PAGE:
It was presented at the American Stroke Association's International Stroke Conference 2011. The American Heart Association has a short summary on its website. And Rosie Mestel has an excellent account in The Los Angeles Times.
Here's what I can glean from the limited information available:
• The study started in 2003. It was designed to determine risk factors for heart disease and stroke in a multi-ethnic New York City population.
• It used a food frequency questionnaire to ask about 2,500 people how often they drank diet sodas (among many other questions).
• Nine years later, it assessed rates of stroke and heart disease.
• The result: People who said they habitually drank diet sodas had a 60 percent higher rate of stroke and heart attacks.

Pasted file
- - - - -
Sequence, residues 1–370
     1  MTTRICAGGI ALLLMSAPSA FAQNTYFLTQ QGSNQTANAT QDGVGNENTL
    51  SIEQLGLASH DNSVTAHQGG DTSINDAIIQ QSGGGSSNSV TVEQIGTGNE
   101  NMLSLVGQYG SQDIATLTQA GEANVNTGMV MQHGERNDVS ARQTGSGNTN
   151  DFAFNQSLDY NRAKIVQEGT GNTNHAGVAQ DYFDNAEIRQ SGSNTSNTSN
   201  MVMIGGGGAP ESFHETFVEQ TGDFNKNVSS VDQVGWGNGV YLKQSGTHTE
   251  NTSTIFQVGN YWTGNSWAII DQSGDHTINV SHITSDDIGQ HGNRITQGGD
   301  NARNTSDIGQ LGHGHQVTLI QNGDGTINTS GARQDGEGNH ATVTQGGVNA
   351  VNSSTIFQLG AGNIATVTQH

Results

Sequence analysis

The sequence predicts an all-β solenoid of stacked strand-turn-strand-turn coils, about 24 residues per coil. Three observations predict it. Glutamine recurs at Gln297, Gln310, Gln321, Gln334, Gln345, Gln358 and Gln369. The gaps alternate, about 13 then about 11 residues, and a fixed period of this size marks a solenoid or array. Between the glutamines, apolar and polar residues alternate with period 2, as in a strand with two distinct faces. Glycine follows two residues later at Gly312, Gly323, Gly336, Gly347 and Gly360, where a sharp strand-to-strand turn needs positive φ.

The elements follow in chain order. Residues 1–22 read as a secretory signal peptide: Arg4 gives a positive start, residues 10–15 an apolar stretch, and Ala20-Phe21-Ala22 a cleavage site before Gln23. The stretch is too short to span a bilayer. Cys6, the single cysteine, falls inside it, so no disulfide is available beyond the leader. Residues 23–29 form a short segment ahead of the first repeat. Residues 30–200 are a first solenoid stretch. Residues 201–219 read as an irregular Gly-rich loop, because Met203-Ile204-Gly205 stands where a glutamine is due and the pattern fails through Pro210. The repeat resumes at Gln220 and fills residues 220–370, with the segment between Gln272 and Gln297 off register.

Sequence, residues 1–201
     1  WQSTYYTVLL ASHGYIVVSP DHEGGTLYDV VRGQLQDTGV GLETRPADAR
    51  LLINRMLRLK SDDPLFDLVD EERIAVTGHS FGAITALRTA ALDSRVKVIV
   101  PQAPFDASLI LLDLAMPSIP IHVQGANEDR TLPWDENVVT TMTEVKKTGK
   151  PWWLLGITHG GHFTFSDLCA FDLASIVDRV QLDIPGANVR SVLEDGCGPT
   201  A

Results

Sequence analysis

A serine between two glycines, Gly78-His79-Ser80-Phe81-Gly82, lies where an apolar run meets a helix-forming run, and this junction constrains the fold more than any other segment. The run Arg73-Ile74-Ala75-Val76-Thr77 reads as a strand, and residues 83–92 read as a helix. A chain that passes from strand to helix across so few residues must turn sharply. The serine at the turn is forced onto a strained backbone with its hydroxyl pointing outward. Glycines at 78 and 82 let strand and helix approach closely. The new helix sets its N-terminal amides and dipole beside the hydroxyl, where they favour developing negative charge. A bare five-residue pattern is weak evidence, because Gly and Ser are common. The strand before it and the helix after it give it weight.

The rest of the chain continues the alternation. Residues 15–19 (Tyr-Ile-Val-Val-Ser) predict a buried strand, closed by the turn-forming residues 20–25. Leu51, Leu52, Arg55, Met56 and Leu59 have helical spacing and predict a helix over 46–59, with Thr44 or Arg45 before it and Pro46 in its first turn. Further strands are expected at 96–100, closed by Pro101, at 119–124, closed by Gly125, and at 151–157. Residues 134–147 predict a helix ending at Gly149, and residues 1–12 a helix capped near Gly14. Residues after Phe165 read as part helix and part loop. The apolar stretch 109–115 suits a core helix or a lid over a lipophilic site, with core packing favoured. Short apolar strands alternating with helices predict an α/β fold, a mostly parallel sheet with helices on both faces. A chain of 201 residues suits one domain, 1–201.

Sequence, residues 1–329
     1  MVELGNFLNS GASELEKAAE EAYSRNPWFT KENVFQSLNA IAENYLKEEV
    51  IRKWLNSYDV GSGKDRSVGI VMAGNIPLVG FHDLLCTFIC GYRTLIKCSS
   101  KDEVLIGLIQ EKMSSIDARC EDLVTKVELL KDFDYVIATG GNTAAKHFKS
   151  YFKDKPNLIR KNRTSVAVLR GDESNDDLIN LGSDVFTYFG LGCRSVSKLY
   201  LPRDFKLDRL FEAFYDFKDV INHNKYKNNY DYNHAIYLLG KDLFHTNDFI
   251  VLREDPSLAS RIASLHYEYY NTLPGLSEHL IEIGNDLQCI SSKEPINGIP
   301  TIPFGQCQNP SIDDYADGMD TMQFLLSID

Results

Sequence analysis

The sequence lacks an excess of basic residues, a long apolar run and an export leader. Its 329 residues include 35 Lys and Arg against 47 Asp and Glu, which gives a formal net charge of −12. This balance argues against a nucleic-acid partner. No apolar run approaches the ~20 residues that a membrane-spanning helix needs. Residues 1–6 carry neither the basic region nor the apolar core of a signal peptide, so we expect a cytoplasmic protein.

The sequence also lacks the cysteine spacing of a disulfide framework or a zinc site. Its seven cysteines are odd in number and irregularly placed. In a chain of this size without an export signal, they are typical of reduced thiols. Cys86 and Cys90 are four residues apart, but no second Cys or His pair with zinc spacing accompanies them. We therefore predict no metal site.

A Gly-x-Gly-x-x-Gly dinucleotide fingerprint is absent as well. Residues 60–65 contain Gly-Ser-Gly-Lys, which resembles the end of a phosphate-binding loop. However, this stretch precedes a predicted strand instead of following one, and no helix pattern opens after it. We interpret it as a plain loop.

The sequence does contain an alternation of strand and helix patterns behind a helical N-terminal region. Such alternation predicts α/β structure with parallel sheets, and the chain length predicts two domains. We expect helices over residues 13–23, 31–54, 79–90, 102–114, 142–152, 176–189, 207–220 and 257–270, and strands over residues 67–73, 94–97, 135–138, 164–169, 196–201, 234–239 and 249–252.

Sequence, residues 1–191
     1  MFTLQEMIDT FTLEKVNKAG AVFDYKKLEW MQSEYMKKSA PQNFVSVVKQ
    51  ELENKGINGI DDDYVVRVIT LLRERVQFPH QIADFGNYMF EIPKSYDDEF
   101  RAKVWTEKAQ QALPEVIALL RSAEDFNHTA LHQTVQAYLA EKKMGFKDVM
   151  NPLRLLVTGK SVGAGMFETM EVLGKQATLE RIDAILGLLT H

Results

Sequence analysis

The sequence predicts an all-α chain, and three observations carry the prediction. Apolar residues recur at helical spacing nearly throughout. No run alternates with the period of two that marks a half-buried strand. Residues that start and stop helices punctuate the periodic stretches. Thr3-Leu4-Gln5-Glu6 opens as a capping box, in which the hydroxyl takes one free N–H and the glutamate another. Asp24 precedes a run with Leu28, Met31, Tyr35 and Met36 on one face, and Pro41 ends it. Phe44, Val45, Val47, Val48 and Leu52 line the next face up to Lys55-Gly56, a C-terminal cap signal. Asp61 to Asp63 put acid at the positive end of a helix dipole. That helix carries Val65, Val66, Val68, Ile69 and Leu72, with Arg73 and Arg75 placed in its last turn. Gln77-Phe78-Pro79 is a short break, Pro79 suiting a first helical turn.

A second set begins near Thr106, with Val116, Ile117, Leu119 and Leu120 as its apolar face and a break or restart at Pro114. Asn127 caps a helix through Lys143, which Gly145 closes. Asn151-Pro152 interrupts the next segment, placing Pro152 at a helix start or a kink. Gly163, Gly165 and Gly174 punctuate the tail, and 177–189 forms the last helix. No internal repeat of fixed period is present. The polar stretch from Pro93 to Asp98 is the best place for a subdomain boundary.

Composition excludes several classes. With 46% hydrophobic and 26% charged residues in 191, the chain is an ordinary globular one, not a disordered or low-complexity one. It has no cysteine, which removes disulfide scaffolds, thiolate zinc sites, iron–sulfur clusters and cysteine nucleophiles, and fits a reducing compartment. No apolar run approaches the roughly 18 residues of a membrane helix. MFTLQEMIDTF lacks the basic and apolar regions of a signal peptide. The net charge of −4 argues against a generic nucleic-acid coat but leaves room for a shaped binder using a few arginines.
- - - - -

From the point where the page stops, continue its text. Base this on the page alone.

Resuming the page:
• They had a 48 percent higher rate when the data were controlled for contributing factors: age, sex, race, smoking, exercise, alcohol, daily calories, and metabolic syndrome.
That is all we know.
Does this study really mean that "diet soda may not be the optimal substitute for sugar-sweetened beverages for protection against vascular outcomes," as the lead author is quoted as saying?
As Rosie Mestel puts it:
It's worth noting, as some scientists did, that this is a link, not proof of cause and effect. After all, there are many things that people who slurp diet sodas every day are apt to do—like eat a lousy diet—and not all of these can be adjusted for, no matter how hard researchers try. Maybe those other factors are responsible for the stroke and heart attack risk, not the diet drinks. (Those who drink daily soda of any stripe, diet or otherwise, are probably not the most healthful among us.)